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Removing the Smell of a Skunk from Your Pet
Veterinary & Aquatic Services Department, Drs. Foster & Smith
Bites - Stings - Injuries
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Q. My pet got sprayed by a skunk. How can I get that smell out?

Contents of the anal glands of the skunk are sprayed onto the pet.

General Information
The scent of a skunk can not only be powerfully malodorous, but also very irritating to the eyes and mucus membranes. The secretions contain multiple chemicals. One group, the thiols, are responsible for most of the strong scent. Others are acetate derivatives of these thiols. They are responsible for the smell, that tends to linger and become worse if the pet becomes wet.

Toxic Dose
Not applicable

Of course, the most obvious sign is the smell. The pet may roll on the ground attempting to rid himself of the smell. The eyes may water, and the pet may be nauseated and retch.

Immediate Action

Remember, if your pet was close enough to get sprayed by a skunk, he also could have been bitten. Skunks may carry rabies. Examine your pet carefully for bite wounds and contact your veterinarian if you find any. ALWAYS KEEP YOUR PET'S RABIES VACCINATION STATUS UP TO DATE.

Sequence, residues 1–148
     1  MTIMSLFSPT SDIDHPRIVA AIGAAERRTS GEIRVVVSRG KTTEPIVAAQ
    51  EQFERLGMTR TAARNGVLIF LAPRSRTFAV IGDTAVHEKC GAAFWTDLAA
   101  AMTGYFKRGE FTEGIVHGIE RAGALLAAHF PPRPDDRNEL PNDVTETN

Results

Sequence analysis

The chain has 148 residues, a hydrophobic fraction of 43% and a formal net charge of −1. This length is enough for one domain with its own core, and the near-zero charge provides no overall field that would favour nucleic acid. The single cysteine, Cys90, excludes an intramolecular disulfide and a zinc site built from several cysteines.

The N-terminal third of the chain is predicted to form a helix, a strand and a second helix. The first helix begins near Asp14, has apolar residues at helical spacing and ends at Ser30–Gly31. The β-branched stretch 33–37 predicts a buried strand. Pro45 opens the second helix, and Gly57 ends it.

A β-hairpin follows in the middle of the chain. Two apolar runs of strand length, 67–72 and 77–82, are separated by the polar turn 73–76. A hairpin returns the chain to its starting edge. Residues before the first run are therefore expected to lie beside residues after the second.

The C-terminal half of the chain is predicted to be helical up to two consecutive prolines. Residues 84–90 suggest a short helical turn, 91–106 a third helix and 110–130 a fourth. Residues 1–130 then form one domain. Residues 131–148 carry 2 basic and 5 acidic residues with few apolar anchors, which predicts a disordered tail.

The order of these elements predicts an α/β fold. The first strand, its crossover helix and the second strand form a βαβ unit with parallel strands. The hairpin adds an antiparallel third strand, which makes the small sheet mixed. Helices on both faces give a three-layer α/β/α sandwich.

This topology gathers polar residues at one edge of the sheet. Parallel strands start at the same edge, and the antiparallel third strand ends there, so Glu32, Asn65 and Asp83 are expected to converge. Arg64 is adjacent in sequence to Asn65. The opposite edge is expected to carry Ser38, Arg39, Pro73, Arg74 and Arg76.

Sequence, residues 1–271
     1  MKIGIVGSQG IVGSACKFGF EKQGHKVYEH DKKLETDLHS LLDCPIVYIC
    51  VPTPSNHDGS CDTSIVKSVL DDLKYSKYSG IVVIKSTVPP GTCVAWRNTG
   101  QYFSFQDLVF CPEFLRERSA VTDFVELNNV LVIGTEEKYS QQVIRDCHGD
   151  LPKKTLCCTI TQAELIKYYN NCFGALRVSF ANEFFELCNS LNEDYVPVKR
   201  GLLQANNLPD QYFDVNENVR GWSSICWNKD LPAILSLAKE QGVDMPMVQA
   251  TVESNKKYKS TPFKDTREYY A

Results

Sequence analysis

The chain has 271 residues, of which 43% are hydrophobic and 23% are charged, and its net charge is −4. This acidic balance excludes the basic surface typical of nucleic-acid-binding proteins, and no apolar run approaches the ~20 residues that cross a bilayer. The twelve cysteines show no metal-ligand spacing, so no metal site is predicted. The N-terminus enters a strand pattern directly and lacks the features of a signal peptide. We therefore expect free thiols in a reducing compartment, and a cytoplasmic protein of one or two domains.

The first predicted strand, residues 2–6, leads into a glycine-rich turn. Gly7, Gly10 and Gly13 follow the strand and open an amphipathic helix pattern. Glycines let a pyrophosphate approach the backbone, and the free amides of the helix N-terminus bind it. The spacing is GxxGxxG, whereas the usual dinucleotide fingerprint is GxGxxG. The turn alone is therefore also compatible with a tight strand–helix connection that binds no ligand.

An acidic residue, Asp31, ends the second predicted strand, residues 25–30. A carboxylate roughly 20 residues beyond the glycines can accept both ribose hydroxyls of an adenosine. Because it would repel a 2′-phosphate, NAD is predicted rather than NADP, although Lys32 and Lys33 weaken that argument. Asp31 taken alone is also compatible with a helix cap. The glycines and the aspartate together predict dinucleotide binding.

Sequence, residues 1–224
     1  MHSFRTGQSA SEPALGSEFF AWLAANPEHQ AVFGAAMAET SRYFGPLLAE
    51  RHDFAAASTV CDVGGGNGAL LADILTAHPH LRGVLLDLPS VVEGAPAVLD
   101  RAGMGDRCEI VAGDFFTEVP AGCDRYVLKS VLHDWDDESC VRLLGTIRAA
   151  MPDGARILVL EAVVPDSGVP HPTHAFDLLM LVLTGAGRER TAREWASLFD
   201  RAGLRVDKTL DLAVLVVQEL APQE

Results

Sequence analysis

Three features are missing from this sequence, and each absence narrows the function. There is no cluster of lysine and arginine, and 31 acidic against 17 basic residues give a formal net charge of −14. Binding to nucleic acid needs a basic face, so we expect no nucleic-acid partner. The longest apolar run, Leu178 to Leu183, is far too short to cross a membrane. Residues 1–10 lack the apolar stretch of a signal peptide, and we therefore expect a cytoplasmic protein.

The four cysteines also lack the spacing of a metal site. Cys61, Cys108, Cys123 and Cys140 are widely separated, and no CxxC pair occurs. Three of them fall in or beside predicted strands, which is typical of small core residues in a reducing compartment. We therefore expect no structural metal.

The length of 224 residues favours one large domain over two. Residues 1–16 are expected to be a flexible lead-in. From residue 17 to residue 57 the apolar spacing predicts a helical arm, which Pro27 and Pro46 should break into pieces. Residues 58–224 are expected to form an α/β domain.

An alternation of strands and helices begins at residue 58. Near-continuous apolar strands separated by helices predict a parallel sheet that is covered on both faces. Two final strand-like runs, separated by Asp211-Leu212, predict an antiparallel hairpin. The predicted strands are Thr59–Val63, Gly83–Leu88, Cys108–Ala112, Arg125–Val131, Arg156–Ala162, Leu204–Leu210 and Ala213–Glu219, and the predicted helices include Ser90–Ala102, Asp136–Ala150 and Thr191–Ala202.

Either use a treatment specifically formulated for use on skunk odors like Skunk Kleen or Skunk-Off, or use the following formula:
  • 1 quart 3% hydrogen peroxide
  • 1/4 cup baking soda (sodium bicarbonate)
  • 1 teaspoon liquid soap

This recipe can be doubled for bigger breeds.

Wet your pet down and work the mixture through the pet's hair. Leave it on for three to four minutes and rinse. This will generally need to be repeated several times. Be sure to throw away any excess mixture. Do NOT get any of the mixture in the eyes; as a precaution, place protective ophthalmic ointment in the eyes.

Note that the above mixture may bleach the hair color temporarily until the animal sheds and new hair grows in. Common antidotes like tomato juice, vinegar, or regular shampoos will not be as effective.

Contact your veterinarian, if the eyes are severely affected, or the pet continues to vomit or retch.

Veterinary Care
General treatment: Bathing with a special formula will continue, and the eyes will be flushed with water or sterile saline.

Supportive treatment: Medications may be administered to help with the nausea, if present.

Specific treatment: None


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